Category Archives: Books

Meant for Better Things

Meant for Better Things

. . .we’re squeezed into uncomfortable things that pull, pinch, tug, choke, itch, hike up or down, and make the days of our lives miserable. We wear these creations of torture, we tell ourselves, in order to be agreeable to the rest of the world. But, why shouldn’t we find a way to make the rest of the world agreeable to us instead?”   —Sarah Ban Breathnach, Simple Abundance


Back in the day, I was a “disco” dancer. A night of dancing was torture for your feet, especially in the shoes we wore back then. They were a cross between stilettos and the stacked heels girls wear today. John Travolta would have been proud.

I took a dance class to learn new moves. A guy named Kim, several years younger tossed me over his shoulder and expected me to land on my feet. It resembled a mis-fired double lutz. My feet never forgave me.

A few years ago I took all my high-heels to Goodwill. I could still wear them, but my “sensibilities” had changed; I was no longer willing to drink the fashion slave kool-aid.

Recently I heard a radio interview with a surgeon who stated: ”Once a week someone comes in wanting her feet surgically altered to fit a particular shoe.” It sickened me to think one would do this for a pair of shoes! It reminded me of the practice of foot binding forced upon young girls that took place in China.

”. . . historical records from the Song dynasty (960-1279 A.D.) date footbinding as beginning during the reign of Li Yu, who ruled over one region of China between 961-975.  But the practice was not banned until 1912 . . .”, Painful Memories for China’s Footbinding Survivors March 19th, 2007.

Cultural tradition was of utmost importance during this period. Obedience was imperative for females, obedience to parents, to husbands, to in-laws. Girls in the family were referred to as eldest sister, second sister, third sister, and youngest sister. They were insignificant.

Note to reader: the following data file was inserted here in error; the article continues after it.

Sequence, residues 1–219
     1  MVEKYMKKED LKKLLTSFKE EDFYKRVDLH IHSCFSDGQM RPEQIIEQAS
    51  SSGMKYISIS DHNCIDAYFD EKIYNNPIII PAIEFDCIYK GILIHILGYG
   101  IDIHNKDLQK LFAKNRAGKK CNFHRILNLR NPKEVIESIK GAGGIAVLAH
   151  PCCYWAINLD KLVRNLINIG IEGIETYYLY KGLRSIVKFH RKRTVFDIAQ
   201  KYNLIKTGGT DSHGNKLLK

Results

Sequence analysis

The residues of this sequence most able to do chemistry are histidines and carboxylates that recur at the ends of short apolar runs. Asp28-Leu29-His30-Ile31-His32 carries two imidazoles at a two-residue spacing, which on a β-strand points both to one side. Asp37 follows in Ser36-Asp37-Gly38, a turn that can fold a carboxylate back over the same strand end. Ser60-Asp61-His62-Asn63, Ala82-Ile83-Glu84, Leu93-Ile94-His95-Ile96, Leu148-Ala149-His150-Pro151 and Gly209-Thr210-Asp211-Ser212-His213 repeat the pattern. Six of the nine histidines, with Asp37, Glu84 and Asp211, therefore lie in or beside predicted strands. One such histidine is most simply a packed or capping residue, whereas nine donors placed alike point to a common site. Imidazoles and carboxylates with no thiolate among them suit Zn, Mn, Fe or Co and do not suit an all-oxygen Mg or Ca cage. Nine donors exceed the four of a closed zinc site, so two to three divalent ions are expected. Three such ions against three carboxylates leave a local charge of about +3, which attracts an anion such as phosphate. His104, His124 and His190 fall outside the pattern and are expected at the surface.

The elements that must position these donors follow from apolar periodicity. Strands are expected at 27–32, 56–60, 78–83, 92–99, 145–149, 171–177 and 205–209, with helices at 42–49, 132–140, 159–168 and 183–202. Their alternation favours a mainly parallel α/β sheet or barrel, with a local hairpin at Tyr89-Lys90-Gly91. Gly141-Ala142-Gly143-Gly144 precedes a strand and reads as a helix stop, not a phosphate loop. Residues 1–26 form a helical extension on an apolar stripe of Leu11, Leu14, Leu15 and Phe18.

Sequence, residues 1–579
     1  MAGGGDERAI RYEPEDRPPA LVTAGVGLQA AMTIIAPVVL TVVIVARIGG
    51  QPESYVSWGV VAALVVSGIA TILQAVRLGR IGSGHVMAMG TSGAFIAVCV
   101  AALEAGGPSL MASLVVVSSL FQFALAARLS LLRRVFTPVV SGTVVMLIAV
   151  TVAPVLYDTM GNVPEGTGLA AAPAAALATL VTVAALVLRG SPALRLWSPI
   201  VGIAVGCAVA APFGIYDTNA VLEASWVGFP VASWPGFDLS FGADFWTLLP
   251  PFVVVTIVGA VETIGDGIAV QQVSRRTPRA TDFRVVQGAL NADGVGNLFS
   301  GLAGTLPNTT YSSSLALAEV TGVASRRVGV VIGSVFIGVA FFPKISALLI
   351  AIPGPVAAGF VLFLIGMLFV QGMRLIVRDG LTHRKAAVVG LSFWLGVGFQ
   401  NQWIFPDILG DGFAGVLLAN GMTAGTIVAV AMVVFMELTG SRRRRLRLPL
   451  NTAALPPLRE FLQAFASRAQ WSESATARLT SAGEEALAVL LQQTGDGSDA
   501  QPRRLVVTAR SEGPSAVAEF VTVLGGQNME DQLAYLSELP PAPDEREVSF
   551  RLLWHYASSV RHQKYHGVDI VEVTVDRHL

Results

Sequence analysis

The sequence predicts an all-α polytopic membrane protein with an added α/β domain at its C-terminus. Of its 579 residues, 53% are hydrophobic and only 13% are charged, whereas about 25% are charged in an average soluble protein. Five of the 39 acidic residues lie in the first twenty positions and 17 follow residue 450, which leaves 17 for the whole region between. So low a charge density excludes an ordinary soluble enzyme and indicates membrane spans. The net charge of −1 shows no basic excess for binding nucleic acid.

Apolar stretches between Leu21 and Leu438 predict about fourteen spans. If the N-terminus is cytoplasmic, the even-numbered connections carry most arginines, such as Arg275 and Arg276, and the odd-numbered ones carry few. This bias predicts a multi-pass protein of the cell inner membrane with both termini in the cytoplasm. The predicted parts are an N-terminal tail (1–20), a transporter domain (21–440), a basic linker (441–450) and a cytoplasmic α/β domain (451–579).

Eldest sister held the most important position. Youngest sister’s cuteness might garner the attention of parents, but the middle sisters were invisible. They could not win the devotion of family. Girls were considered a burden; parents prayed for boys. Female babies were often drowned or left in the hills to die. Only the boys mattered.

The practice of girl’s foot binding was done to ensure social standing for the family. The smaller the feet and the better bound, the easier the father could secure a good marriage match for the girl. Smaller feet commanded a better “bride price” from the groom’s family. If the girl could marry well, it would help support her family. It was primarily about finances.

If foot binding was done correctly, the feet were referred to as “golden lotuses,” which made her more attractive to suitors. The feet were to look like the butt of the finest lotus blossom, which was a sexually stimulating aphrodisiac to the male. The tiny steps and swaying of a woman with bound feet were also considered erotic.

Toes were bound under the ball of the foot, which eventually broke the toes, often they rotted and fell off because the tiny girls were made to walk over and over again on their curled under toes until they broke. Finally, the arch of the foot was broken. This took place over a two year period. The final result? A foot of no more than 10 centimeters long, four inches, about the length of your thumb.

One out of ten girls died from foot binding.

Six years of age was the typical foot binding age. Oddly enough, it was the mothers who carried out the torture of binding and periodic tightening, despite the wails of their tiny daughters. When I remember the sweet faces of my nieces at that age, I feel a deep ache in my feet and heavy defeat in my spirit at the inevitability of struggle. Those who fought and struggled often died, because the bindings were done poorly and caused infection.

It was usually done in the fall; with winter following, the cold would numb some of the pain.